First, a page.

Evangelical Alliance expects more Anglican churches to join over CofE gay blessings

The head of the Evangelical Alliance, Gavin Calver, believes the organisation may see a growth in membership as the Church of England moves ahead with divisive plans to bless same-sex couples.

In an interview for the Religion and Media Centre's Big Interview podcast, Calver said it was "too early" for the EA to tell Anglican evangelical congregations what to do because the Church of England is still in the process of formulating new pastoral guidance on the blessings.

However, he said that the EA was ready to be a place of support and a "port in a storm" for evangelical congregations dismayed over the Church of England's direction of travel.

"We'll probably find that a number of Anglican churches join the Evangelical Alliance, because it's actually a time where they want to be in unity with wider evangelicals, as well as continuing in their space, which is challenging," he said.

During the interview, Mr Calver reiterated the EA's position on marriage as a union between one man and one woman for life, but added that the Church needed to be compassionate towards same-sex attracted people and welcome everyone in through its doors.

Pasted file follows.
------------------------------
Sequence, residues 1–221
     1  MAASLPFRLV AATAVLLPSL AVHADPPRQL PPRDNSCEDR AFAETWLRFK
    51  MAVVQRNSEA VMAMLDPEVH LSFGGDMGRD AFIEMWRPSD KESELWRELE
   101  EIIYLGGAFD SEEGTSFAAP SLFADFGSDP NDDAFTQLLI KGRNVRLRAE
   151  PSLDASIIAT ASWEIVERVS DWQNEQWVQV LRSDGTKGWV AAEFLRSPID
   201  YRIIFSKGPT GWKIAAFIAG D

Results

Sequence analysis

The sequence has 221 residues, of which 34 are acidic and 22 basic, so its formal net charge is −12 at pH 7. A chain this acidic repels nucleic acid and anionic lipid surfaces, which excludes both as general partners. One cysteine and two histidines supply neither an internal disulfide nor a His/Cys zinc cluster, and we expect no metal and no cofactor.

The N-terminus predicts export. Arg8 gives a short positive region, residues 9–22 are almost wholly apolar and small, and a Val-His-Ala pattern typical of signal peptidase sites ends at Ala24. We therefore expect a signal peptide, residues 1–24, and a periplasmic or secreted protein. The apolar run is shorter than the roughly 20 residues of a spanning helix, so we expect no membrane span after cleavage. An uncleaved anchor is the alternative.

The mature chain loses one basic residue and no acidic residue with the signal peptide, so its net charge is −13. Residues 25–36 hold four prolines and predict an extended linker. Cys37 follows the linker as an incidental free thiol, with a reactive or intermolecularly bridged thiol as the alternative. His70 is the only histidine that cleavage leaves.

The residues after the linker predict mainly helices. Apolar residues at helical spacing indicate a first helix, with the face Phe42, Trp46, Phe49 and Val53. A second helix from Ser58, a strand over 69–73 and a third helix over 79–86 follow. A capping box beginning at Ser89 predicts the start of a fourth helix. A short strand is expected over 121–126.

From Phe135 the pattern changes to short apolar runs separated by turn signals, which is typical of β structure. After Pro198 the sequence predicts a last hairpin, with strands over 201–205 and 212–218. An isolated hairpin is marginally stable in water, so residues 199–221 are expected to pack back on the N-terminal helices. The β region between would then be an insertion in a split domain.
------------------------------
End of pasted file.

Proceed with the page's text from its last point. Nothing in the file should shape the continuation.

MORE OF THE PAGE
"The theology is quite simple — I think the pastoral implications are incredibly complicated," he said.

Asked about his views on conversion therapy, Calver said that the EA was concerned about the "unintended consequences" of government plans to introduce a ban.

He said that it would be "discrimination" to allow churches to pray for people with unwanted feelings towards a person of the opposite sex while prohibiting prayer if those feelings were towards someone of the same sex.

"We did a lot of work on this over the last couple of years to say: let's not stop the Church being the Church, but if someone wants me to pray with them so they don't act on feelings they don't want to act on, I think we should be free to do that," he said.

He continued, "Conversion therapy is one of the most loaded terms. The bill that the government is seeking to bring in is seeking to go further than most of us would feel was OK, in terms of restrictions of prayer in a church setting."